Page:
A lifelong New Yorker, I moved to Sri Lanka in 2008, when it was in the midst of a brutal and seemingly never-ending civil war. I quickly became accustomed to carrying my passport and stopping at checkpoints every few miles, where army officers would point their rifles into my car, checking for anything suspicious. I internalized the fear that a bus next to me could possibly explode with a bomb — a common tactic employed by the militant organization, LTTE, in those days — only sometimes caving and naively requesting that my driver avoid buses, a futile request on crowded Sri Lankan roads. My husband worked in the capital, at Colombo’s World Trade Center; the eerie similarity in name with NYC’s World Trade Center used to haunt me.
It is still hard for me to reconcile the peaceful nature of this predominantly Buddhist country with its violent history, because I really did not live through it for very long. Within a year of moving, the civil war was suddenly over. The emotional scars remain for those who did live through it, but the physical reminders of the war were gone — no more checkpoints and no more rifles.
Slowly, Sri Lanka began to be unearthed as the hidden gem that it was. Instead of having to implore friends to visit me, Sri Lanka was appearing on all sorts of travel hot lists, including The New York Times, Condé Nast Traveler and Lonely Planet. Sri Lanka was finally having its long overdue moment and tourists were pouring in. Pristine beaches, breathtaking safaris, lush tea country, cultural and religious treasures — so many experiences, all wrapped into one small teardrop-shaped island.
After 10 years of this fanfare, we are back to the tears. Tears shed for more than 250 innocent lives lost due to terrorism, again. It could have been me and my family at those brunches — those were hotels that we frequented — or any of my Christian friends at those churches. Back are the security checkpoints, back are the guns and back are the curfews. Imagine, for an American, to be told that you cannot leave the house until curfews have been lifted. I could not access Facebook or WhatsApp, my primary methods of communication with my loved ones. The limitations on personal freedoms have been a lot to digest, but something I accept, considering the intent.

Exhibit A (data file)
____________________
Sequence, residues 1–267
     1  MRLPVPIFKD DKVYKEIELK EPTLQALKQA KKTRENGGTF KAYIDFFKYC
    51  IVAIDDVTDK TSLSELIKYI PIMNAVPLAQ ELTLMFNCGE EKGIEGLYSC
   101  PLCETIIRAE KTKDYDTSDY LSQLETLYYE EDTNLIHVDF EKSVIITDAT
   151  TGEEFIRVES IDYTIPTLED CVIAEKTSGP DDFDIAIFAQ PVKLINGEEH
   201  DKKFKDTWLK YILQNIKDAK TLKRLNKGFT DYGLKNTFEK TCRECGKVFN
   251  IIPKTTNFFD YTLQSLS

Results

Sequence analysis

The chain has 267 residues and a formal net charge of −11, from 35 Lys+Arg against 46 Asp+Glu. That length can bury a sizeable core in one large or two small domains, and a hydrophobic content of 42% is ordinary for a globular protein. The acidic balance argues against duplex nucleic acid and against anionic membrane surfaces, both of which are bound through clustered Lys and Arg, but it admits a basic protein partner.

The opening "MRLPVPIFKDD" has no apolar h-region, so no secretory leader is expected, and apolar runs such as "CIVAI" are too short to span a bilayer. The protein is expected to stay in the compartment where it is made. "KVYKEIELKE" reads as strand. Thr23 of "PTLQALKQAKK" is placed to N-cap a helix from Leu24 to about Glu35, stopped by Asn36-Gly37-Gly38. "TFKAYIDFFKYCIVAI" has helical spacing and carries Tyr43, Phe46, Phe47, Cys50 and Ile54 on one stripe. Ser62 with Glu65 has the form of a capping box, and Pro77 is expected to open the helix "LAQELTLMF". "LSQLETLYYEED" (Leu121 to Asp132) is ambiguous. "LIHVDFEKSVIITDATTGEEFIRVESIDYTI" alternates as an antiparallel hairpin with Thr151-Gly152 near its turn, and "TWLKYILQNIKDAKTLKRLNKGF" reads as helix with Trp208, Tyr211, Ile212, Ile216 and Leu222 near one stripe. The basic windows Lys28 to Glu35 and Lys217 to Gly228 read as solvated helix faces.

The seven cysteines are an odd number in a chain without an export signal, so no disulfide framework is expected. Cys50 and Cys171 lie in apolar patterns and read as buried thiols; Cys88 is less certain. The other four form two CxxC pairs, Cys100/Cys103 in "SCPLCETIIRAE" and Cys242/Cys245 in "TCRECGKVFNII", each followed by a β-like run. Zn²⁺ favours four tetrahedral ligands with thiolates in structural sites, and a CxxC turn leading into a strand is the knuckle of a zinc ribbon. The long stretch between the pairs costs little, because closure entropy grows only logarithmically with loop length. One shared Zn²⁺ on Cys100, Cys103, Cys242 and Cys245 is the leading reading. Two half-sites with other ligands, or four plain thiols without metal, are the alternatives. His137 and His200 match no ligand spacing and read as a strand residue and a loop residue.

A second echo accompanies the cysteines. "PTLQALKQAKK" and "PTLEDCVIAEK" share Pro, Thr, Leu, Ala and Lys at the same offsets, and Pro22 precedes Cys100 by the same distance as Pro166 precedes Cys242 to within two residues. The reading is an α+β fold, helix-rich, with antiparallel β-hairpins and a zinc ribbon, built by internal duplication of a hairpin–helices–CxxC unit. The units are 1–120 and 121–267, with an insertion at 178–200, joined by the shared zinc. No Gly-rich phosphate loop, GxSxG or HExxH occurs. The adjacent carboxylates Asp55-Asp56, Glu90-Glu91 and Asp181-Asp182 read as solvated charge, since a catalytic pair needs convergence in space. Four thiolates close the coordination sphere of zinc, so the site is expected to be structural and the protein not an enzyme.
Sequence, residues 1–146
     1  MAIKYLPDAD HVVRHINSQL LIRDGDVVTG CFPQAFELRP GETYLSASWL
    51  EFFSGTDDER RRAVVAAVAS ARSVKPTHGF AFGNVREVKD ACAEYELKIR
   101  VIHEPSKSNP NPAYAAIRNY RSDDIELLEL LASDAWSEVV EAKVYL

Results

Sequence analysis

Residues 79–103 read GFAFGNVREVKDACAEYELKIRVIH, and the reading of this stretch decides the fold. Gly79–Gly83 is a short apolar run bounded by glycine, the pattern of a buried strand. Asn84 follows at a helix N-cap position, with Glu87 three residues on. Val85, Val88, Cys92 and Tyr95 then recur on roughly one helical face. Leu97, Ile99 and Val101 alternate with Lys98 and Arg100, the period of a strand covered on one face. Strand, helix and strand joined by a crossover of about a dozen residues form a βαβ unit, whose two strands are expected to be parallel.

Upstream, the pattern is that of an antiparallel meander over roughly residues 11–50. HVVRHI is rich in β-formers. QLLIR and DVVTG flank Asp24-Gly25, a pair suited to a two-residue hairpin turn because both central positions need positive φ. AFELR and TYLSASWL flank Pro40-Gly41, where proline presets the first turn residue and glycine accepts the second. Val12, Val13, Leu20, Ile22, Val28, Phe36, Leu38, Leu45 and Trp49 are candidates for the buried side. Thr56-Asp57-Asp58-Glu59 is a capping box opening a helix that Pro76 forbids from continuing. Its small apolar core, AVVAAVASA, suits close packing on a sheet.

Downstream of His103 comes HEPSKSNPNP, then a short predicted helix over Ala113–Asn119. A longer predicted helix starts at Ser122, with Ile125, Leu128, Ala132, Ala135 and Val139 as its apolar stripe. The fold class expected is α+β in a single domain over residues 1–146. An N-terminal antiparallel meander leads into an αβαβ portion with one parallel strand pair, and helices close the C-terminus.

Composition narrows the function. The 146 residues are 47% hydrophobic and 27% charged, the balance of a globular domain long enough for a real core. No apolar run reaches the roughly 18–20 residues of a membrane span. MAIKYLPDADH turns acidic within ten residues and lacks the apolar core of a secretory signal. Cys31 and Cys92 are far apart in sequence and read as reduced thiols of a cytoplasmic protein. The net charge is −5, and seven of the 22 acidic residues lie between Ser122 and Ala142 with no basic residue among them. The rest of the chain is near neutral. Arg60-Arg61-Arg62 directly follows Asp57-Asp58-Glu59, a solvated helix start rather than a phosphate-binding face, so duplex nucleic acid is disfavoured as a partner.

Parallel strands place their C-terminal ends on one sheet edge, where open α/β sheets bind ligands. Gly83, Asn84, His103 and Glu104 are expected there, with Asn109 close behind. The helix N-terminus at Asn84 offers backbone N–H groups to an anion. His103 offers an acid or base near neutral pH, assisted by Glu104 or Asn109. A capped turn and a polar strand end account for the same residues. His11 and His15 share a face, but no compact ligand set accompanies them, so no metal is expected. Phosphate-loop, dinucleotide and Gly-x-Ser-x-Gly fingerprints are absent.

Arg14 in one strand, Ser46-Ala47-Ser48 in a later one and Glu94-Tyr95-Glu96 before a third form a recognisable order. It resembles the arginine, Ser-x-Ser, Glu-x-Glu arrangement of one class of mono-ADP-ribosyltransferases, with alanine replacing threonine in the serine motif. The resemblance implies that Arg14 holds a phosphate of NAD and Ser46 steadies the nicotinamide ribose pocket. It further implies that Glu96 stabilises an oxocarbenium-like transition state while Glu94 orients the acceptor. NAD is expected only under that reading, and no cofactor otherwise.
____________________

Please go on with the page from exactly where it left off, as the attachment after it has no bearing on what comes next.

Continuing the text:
My children’s school will remain closed indefinitely. Answering my sons’ questions has been one of the hardest parts for me. My first experience with terrorism was when I was a Columbia College senior; I distinctly remember being in my Broadway dorm room when my parents called me, completely distraught. I rushed to the common room to watch the news with my floormates, all of us huddled around the screen watching the towers fall. All of it seemed surreal and incomprehensible to me at the age of 20. My children are, unfortunately, having to grapple with it at the tender ages of 5 and 7.
They have, until this point, only seen the seemingly happy co-existing of faiths. In my home, when one accounts for my household staff, we have all four of the major religions of Sri Lanka living happily under one roof, my own little melting pot.
Speaking of melting pots, I have never been prouder to be an American citizen. Since the attacks first unfolded, our American Embassy has been available to all of those directly affected and to those of us simply seeking information. News alerts have been informative, accurate and consistent; everyone I meet seems to want to know what the American alert level is. We hope that the FBI and other American agencies here helping with the investigation will be able to assist in finding the perpetrators of these heinous attacks so we can begin to rebuild ... again.
Sri Lanka is bleeding, but if it can emerge after 30 years of war, it will most certainly rise again, safer and stronger. America, the country of my birth, did after 9-11, as did India, the country of my family’s origin, after 26/11 [the 2008 Mumbai attacks]. Once the dust settles and the path to reconciliation recommences, I invite all of you to visit our beautiful paradise island, the country that has my heart.